Ecomadres wants to address issues of clean air, climate, and toxins affecting the health of Latino children and families. The hope is that by addressing these issues, communities will stand up and advocate environmental issues within their own homes. The organization did a study that showed 68 percent of Latinos live in areas that do not meet federal air quality standards compared to 58 percent of Caucasians. By educating and advocating in communities, they are showing that Latinos can get behind and support environmental organizations.

Ecomadres has chapters established in Arizona, Colorado, Florida, Nevada, New Mexico and Texas.


READ: Here Are 20 Latinxs Fighting For Environmental Justice

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Brazilian President Jair Bolsonaro Blames Indigenous Tribes For Amazon Fires

Things That Matter

Brazilian President Jair Bolsonaro Blames Indigenous Tribes For Amazon Fires

jairmessiasbolsonaro / Instagram

President Jair Bolsonaro is blaming the indigenous community for the fires that raged in the Amazon. The fires set off international outrage as the rainforest faced unprecedented destruction by out of control fires. President Bolsonaro went against the rest of the international community during a speech to the U.N.

Brazilian President Jair Bolsonaro wants the United Nations to know that indigenous people were responsible for the Amazon fires.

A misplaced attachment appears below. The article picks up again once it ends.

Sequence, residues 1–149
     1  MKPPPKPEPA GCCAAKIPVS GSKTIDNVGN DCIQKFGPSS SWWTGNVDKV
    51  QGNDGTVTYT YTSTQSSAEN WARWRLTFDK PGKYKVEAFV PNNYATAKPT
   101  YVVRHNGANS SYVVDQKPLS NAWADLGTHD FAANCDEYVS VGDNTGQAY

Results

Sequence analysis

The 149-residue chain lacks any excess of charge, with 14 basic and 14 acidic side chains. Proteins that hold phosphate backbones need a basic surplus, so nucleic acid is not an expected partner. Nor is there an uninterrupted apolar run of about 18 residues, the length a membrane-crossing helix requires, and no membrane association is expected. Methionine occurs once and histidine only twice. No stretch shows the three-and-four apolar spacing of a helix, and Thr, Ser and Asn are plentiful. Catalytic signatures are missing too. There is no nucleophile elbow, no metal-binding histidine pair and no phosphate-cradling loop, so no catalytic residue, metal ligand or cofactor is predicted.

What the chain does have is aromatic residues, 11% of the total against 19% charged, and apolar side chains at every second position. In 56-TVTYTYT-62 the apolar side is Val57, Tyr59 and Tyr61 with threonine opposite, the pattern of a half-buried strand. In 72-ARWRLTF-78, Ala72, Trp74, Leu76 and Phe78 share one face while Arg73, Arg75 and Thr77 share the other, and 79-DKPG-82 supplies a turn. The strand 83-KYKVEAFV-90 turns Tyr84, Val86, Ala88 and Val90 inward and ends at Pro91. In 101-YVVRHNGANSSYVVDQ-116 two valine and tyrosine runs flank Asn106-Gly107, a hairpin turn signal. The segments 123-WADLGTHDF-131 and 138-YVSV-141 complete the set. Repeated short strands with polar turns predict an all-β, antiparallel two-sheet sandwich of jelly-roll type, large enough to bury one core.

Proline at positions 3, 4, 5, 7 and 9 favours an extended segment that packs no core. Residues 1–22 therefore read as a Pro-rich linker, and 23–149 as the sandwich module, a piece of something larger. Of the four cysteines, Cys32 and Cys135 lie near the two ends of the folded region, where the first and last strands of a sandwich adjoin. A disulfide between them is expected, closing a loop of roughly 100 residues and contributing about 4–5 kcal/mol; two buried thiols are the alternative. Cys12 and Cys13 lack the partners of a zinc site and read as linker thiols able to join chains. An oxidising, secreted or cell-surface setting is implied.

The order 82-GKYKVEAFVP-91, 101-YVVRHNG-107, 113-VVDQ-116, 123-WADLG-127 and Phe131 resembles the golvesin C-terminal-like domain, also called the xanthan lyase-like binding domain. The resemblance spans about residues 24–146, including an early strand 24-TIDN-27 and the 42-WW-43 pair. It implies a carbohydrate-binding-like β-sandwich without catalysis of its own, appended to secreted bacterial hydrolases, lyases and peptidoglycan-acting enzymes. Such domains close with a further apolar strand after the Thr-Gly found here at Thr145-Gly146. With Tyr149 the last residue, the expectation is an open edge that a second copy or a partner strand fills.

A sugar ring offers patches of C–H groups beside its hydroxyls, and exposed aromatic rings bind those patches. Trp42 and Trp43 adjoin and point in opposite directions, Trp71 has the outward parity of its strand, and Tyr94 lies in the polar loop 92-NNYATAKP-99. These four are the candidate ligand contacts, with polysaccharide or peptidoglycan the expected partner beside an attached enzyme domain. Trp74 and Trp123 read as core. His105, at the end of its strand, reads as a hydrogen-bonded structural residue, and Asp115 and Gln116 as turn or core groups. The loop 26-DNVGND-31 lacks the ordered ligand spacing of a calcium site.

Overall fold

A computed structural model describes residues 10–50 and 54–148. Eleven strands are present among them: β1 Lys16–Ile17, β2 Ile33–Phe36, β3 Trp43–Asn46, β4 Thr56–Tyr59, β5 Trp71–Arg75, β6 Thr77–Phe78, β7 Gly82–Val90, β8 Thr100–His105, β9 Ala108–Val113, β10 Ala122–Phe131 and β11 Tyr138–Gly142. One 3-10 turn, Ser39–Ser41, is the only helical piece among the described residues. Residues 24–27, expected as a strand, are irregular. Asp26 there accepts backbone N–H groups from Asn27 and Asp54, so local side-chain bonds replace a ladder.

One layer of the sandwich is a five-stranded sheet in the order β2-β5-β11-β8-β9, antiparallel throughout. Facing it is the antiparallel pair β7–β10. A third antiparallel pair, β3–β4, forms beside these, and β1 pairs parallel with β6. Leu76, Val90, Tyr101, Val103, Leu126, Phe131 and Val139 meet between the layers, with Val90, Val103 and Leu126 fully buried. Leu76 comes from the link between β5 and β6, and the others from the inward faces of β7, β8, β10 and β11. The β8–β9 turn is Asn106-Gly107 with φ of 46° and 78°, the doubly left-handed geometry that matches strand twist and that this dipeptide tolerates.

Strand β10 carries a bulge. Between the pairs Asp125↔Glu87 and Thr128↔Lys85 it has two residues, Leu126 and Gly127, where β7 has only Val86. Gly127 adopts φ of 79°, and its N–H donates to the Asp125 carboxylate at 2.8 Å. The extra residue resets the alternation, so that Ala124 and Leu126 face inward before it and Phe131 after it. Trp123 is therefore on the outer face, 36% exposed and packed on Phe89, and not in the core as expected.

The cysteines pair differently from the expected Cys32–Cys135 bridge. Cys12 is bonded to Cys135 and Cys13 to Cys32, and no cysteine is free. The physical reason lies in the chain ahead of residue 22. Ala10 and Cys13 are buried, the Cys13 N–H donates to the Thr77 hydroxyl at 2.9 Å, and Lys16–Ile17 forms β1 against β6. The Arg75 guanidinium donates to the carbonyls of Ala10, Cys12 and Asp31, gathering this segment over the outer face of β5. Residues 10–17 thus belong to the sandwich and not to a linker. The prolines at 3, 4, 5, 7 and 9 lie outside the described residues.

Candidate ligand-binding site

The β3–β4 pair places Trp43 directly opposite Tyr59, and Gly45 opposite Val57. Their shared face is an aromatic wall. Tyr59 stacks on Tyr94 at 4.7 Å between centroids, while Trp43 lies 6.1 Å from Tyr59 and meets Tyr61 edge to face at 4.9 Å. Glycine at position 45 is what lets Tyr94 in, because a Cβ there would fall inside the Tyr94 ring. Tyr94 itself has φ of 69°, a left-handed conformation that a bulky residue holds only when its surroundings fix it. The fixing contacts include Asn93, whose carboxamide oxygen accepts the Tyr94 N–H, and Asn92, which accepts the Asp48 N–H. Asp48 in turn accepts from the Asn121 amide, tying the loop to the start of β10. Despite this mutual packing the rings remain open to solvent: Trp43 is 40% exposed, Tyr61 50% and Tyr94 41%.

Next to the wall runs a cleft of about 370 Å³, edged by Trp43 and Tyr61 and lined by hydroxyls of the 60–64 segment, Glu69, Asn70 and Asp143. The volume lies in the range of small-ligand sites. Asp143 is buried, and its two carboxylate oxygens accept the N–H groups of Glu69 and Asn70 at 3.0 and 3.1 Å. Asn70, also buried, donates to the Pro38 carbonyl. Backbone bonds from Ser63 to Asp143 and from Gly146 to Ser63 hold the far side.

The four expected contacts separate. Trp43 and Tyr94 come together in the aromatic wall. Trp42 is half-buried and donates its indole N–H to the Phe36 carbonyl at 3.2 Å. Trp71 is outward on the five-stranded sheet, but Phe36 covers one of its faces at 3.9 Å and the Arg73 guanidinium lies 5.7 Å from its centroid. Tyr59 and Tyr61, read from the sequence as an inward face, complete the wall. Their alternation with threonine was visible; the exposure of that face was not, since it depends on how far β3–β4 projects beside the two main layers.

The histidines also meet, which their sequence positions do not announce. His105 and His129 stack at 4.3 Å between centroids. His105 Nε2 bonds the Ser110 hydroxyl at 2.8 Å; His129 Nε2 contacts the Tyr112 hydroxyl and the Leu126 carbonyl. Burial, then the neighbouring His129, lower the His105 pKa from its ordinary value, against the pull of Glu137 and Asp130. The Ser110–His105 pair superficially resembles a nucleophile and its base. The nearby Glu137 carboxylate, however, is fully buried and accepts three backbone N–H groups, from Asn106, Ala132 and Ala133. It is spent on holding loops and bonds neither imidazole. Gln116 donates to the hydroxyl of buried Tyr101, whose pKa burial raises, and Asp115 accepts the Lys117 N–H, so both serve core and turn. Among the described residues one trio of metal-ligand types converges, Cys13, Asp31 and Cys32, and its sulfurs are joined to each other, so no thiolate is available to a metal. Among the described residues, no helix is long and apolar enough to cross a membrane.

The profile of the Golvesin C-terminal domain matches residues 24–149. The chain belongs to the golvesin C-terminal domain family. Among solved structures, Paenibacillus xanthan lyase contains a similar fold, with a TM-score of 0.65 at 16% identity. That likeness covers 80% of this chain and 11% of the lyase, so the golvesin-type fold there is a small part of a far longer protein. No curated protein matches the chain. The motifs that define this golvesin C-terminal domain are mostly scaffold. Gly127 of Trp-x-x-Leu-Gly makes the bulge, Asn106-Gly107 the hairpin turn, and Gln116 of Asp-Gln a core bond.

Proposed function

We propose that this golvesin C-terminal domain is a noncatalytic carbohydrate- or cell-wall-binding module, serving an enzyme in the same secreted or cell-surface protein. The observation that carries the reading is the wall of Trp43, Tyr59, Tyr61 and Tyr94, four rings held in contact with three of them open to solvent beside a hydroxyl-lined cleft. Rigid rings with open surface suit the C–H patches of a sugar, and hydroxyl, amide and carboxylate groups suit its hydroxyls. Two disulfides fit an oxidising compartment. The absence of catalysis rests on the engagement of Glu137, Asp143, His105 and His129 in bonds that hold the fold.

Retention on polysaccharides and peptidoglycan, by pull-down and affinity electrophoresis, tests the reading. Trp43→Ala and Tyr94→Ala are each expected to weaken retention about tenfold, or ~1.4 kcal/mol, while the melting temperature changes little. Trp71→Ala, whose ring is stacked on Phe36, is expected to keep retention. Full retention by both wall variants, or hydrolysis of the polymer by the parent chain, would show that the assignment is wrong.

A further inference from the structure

In a remote session opening the U.N. General Assembly, President Bolsonaro spoke at length about the indigenous communities starting the fires. He also used the speech to speak out against the criticism his administration is receiving over his environmental policies and his response to Covid. Brazil is currently the second most infected country in the world with the second highest death rate.

The Amazon has experienced increased fires since President Bolsonaro took office.

For the first seven months of 2020, 13,000 sq. km. (5,019 sq. miles) of the Brazilian rainforest have burned. This year saw the second-highest level of fires on a global scale with fires raging across the Amazon, Australia, and the West Coast of the U.S.

President Bolsonaro openly contradicted expert findings to fit his narrative.

President Bolsonaro claims that the humidity of the forest contains the fires. According to President Bolsonaro’s speech, fires in the Amazon only happen in certain areas because of how well the humidity can keep the fires in check.

“The fires practically occur in the same places, on the east side of the forest, where peasants and Indians burn their fields in already deforested areas,” Bolsonaro said.

President Bolsonaro’s speech touches on the environmental record his administration is known for.

The Bolsonaro administration has made dismantling environmental and indigenous rights since taking power. The administration has worked to limit the amount of land available to indigenous people and to open up Amazonian rainforest to miners, loggers, farmers, developers, and other uses that are damaging and contributing to the fires. Deforestation by these industries are largely to blame for the out-of-control wildfires that burned for a very long time in the Brazilian Amazon.